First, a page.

When analog signals from Din are successively sampled and sixteen sequential data are held in H1 to H16 as above, coefficients a0 to a15 stored in SR and the sequential data in H1 to H16 are multiplied in M1 to M16, respectively, as described above. Then the multiplied results from M1 to M16 are added in AD and the sum is stored in Hout.
When new sequential data is sampled and held in H1 in any subsequent sampling timing, the multiplication coefficients stored in SR are circularly shifted. These circularly-shifted multiplication coefficients and the sequential data stored in H1 to H16 are multiplied as described.
FIG. 16 shows the relationship between sequential data xi stored in H1 to H16 and multiplication coefficients a0 to a15 stored in SR. As shown in FIG. 16, a0 to a15 are shifted to the next stage, and the coefficient at the last stage is returned to the first stage at every sampling of new sequential data. This makes it possible to execute an operation equivalent to shifting data xi itself, which is held in the conventional structure, and to avoid holding errors caused by transferring sampled analog data.
When the multiplexer selects Din, this filter circuit functions as an FIR filter to execute the operation shown in Equation (2):
Here, Y(t) is the output, X(t) is the input, and ai is the coefficient.
When the output of Hout is selected as D′in, this filter circuit functions as an IIR circuit to execute the operation in Equation (3):
Y(t) is the output, X(t) is the input, ai and bi are the coefficients. In this case, SR is divided into two shift registers with eight stages to store ai and bi.
This filter circuit realizes FIR and IIR filters by switching MUX: when the FIR filter is actualized, many stages can be included utilizing all sample-and-hold circuits and multiplication circuits. The circuit features low power consumption and high-speed operation using an analog operation circuit (a neural operation circuit which is described below) having sample-and-hold circuits H1 to H16, multiplication circuits M1 to M16, and addition circuit AD.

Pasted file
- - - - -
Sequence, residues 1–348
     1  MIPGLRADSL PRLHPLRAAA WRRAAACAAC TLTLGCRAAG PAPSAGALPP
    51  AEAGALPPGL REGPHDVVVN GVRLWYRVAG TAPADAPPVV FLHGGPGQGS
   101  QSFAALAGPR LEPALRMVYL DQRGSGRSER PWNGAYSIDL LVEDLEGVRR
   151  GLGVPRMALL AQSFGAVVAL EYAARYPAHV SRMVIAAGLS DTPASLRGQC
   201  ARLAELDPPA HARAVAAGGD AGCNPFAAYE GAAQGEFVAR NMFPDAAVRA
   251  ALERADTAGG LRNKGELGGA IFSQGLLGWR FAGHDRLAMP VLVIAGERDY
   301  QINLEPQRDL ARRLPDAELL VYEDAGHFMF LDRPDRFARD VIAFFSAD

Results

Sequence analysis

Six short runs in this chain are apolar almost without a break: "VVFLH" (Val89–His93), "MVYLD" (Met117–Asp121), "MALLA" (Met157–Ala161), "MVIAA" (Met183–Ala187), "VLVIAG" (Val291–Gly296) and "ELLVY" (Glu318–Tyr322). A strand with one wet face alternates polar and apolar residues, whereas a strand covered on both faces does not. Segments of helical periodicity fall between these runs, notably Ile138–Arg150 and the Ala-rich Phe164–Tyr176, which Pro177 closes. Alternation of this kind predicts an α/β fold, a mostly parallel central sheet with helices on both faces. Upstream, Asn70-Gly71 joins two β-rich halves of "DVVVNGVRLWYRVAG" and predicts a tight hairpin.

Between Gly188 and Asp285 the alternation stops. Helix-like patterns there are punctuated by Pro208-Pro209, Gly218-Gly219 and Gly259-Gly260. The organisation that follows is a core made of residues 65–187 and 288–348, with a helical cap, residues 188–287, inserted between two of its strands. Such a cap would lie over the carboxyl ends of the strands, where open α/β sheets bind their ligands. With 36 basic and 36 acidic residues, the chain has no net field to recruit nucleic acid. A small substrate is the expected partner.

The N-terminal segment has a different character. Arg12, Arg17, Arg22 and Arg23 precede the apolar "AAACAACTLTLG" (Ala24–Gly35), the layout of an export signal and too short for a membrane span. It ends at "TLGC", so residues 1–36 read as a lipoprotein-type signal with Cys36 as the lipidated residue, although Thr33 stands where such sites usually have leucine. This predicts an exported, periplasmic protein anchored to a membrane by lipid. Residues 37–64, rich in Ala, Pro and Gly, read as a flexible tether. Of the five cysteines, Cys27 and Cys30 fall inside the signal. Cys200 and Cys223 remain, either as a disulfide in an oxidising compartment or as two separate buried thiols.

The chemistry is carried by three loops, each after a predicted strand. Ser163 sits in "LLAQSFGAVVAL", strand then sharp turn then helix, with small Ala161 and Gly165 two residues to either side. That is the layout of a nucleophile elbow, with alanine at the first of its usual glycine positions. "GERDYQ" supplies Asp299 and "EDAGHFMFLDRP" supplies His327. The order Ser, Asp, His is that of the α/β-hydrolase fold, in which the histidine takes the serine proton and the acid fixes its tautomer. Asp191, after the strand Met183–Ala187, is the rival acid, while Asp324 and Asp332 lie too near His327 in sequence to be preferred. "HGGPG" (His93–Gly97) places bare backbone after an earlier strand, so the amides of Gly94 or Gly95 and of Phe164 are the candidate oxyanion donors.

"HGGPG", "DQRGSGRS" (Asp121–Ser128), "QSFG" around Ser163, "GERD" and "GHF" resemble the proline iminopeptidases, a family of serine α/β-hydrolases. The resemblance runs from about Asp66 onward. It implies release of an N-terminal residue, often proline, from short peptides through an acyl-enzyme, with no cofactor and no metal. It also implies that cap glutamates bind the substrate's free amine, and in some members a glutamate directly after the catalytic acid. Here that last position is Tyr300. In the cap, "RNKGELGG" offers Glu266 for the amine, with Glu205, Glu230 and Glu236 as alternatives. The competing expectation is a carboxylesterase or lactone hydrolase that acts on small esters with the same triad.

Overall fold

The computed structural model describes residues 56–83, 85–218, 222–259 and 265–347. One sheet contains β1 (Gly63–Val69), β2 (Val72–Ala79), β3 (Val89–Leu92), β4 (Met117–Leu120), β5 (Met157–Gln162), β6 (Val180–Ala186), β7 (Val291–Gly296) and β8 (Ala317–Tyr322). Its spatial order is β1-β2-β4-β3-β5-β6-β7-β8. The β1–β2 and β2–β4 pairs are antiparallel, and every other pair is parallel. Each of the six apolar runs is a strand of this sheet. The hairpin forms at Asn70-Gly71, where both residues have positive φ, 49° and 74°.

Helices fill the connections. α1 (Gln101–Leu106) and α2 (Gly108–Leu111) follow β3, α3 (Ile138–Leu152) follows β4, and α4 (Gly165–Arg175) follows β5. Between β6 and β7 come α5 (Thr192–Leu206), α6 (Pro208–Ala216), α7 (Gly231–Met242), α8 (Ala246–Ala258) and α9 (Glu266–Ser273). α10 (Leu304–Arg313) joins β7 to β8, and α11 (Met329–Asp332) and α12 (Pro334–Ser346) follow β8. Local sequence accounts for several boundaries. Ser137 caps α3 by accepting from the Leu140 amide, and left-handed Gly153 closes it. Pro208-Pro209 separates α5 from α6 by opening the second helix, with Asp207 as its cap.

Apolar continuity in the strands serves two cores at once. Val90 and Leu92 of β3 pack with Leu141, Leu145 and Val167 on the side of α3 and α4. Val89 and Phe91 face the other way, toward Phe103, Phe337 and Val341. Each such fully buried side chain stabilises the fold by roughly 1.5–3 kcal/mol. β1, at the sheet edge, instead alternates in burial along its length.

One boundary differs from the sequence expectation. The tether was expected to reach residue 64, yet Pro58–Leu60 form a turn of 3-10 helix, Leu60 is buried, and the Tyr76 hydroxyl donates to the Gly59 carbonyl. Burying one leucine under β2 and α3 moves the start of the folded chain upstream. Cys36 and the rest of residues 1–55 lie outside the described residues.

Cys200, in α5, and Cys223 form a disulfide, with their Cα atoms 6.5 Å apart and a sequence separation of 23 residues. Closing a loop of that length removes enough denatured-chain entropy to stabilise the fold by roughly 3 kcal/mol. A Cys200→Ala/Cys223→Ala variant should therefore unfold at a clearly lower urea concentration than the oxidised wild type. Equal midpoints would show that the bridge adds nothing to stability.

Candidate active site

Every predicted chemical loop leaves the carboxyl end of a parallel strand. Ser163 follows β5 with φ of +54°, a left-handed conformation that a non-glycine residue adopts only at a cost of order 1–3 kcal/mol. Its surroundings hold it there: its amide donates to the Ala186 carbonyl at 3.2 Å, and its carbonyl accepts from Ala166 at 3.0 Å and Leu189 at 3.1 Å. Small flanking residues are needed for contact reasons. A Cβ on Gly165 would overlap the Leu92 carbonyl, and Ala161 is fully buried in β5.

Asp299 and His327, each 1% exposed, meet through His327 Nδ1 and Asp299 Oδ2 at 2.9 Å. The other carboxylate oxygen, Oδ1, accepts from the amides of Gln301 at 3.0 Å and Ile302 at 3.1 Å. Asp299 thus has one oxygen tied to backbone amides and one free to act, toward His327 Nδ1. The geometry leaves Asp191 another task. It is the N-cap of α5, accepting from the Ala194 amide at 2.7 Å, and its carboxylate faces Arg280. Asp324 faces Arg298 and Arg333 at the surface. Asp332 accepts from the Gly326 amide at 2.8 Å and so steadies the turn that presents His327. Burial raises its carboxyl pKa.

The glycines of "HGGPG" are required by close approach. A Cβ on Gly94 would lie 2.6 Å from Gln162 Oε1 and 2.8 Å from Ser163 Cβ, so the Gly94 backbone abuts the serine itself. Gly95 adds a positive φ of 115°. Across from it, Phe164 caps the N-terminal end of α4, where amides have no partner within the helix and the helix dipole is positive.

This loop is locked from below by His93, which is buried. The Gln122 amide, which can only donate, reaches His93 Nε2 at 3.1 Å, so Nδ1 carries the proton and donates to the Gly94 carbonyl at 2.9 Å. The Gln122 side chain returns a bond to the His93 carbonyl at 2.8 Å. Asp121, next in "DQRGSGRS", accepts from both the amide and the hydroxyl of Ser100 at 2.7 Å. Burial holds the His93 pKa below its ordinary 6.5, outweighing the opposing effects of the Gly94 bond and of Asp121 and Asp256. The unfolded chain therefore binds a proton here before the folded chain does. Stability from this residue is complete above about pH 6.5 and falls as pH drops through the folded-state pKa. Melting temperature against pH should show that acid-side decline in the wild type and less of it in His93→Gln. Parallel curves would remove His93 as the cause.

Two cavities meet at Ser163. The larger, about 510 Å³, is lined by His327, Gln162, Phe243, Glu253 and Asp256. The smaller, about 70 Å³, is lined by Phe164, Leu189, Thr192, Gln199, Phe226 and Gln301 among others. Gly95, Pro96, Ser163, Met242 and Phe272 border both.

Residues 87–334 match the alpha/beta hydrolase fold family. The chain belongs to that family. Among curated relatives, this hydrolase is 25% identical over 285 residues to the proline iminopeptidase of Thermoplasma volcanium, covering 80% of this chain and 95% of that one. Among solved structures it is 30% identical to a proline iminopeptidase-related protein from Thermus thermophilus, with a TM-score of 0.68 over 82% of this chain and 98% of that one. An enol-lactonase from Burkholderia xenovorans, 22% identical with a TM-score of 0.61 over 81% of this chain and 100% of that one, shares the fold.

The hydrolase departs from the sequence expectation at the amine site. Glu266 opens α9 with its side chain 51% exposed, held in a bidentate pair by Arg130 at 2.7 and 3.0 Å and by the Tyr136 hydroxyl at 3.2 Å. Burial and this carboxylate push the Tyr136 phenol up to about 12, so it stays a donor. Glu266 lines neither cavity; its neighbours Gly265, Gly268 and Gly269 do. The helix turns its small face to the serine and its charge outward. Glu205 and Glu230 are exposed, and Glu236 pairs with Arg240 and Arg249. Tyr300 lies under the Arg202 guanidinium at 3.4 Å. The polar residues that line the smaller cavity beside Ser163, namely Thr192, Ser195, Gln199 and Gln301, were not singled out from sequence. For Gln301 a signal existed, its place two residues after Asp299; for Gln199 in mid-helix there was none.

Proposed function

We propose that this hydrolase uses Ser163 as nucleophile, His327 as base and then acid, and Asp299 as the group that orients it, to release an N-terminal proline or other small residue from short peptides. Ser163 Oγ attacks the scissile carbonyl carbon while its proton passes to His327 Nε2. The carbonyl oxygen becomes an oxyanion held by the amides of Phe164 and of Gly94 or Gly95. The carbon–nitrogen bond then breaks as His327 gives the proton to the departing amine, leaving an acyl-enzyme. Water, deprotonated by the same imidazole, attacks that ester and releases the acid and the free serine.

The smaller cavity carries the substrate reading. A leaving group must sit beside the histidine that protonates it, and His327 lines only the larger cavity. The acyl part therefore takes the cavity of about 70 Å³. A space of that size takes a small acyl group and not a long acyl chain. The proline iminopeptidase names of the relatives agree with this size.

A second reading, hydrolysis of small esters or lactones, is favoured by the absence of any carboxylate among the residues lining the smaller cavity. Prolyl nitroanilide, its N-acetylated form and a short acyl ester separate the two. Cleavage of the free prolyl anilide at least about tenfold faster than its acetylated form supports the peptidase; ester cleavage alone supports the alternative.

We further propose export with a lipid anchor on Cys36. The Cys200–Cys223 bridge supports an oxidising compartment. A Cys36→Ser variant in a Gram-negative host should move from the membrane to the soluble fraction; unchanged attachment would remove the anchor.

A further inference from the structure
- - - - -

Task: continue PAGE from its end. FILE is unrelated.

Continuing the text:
This neural operation circuit is described with reference to FIGS. 17(a) and 17(b). FIG. 17(a) shows the fundamental structure of this neural operation circuit, where V1 and V2 are input terminals and INV is an inverting amplifier. INV utilizes the characteristics of a CMOS inverter at its output transit from high-level to low-level or from low-level to high-level to use an inverter as an amplifier: it has an odd number of CMOS inverters in a serial array, with three stages 92, 93 and 94 being shown, for example. Resistances R1 and R2 and capacitor Cg are set for controlling the amplifier gain and for adjusting phase, respectively, to prevent the oscillation of INV.
Input capacitors C1 and C2 are serially connected between V1 and point B at the input of INV and between V2 and point B, respectively. Feedback capacitor Cf is set and connected between output terminal Vo of INV and point B.
In a circuit with such a structure, the voltage-amplifying ratio of INV is very large, and the voltage at B is approximately constant and assumed to be Vb. Point B is connected to C1, C2, Cf and the gate of the transistors 92, and B is also floating from the supply voltage.
When the electric charge stored in each capacitor at the initial state is 0, the total charge stored in each capacitor referencing B is 0, even after V1 and V2 are input. From this, Equation (4) is true: